After numerous posts, we’ve now reached an analysis of the final term in the Drake equation, L, the average lifespan of high-tech civilizations. If you thought putting a value on f_c, the likelihood of an intelligent civilization developing a high enough technology to make its existence known across interstellar distances, was a prime avenue for political and ideological axe grinding, this one is even more.
Still, we have to try. First, we’ll look at some factors supporting a large value for L, then, some factors supporting a small value. If you’re playing along at home, pick the one that most appeals to you.
Factors supporting a large value for L
Sustainability is one of those teeth-grating buzzwords of contemporary life, but it’s still the case that a civilization not much more advanced than ours could sustain contemporary US levels of per capita energy consumption for billions of years. Capturing energy from hydrogen fusion would consume just 0.1% of the oceans’ volume by the time the sun turns into a red giant and swallows our planet. Even nuclear fission, making use of relatively rare isotopes, could fuel a contemporary level of civilization for 5 billion years. Covering a tiny fraction of the Earth’s surface with solar panels would do the same.
(We don’t have the technology for hydrogen fusion or long-range transmission of solar power, you ask? True, we don’t. Yet. But today’s nuclear fission would give us more than enough time to develop those technologies, if we need to).
With enough energy, of course, human beings can solve all the other sustainability concerns–growing enough food per acre of farmland, extracting enough fresh water from seawater, etc. Given this, powering interstellar communications or sending out interstellar probes is trivial.
Free markets mean that some actor — a company, a state, or another form of social organization — will always have an incentive to pursue technological change that others do not. E.g., the Chinese will keep building nuclear reactors, even if greens in the Western world lobby their home governments to decommission them. It would take a world government to regulate or suppress technological advance. The separatist movements and civil wars in our world today suggest world government would be difficult to establish and an even more difficult to sustain. So no one is going to be able to stop technological innovation.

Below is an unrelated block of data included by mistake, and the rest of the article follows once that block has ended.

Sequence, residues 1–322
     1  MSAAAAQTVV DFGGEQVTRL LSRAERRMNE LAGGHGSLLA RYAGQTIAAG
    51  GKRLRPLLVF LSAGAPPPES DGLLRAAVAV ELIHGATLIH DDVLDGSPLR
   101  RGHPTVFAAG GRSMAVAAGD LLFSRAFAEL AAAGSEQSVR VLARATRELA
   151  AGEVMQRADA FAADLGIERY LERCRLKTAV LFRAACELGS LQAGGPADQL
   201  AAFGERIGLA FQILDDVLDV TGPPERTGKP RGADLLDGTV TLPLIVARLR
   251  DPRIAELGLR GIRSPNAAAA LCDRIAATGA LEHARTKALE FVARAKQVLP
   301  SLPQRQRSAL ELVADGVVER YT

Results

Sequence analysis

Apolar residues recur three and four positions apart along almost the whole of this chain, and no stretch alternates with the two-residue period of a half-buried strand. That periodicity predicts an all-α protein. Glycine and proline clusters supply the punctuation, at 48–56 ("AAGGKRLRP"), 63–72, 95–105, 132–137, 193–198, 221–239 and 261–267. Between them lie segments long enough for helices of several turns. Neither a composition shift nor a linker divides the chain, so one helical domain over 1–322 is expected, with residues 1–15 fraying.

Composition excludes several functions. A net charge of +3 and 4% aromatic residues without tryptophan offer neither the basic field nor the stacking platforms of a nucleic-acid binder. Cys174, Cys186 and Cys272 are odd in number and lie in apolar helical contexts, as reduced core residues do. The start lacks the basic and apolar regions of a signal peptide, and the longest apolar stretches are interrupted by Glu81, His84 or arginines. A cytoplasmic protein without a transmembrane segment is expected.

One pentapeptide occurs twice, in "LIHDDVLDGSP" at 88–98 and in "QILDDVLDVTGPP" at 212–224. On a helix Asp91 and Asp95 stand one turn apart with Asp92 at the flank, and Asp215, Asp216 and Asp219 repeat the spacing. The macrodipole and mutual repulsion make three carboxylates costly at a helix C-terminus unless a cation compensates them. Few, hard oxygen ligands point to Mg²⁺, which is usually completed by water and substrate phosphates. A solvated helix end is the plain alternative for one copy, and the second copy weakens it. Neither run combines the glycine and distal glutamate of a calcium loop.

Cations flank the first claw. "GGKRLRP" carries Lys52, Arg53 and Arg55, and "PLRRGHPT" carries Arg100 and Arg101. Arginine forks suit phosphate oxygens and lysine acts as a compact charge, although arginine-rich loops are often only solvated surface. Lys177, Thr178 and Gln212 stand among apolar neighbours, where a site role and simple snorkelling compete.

Adaptation of people to high-tech civilization may mean, depending on your political proclivities, recent and copious human evolution or social engineering capable of bringing out the better angels of our nature. However brought about, if people are adapted to high-tech civilization, they’ll be better able to keep it going for a long time. Family sizes of about 2; a preference for trade over combat; longer time horizons; all these and more would make people more likely to keep a high-tech civ going.
If the life of a planet’s sun is a limiting factor, then M-type stars could have high-tech civilizations lasting tens or even hundreds of billions of years. Of course, at this writing, the universe is too young for this to have much impact on L.
Factors supporting a small value for L
The most benevolent is a high-tech civilization switching to tightbeam and/or fully wired internal communications and giving up on space travel because it can’t pay. We won’t pick up their stray radio communications, we won’t see their probes, and if they get bored with SETI, they won’t hear us either.
Collapse could come from environmental degradation (whatever your beliefs about global warming, at some point the atmosphere can have too much carbon dioxide, methane, water vapor, etc., the oceans can be too acidic, or the like), from diminishing marginal returns of complexity, from dysgenicbreeding, from killer asteroids, from a dangerous galactic neighborhood, from…. The universe is a dangerous place. Go home tonight and give your civilization a big hug.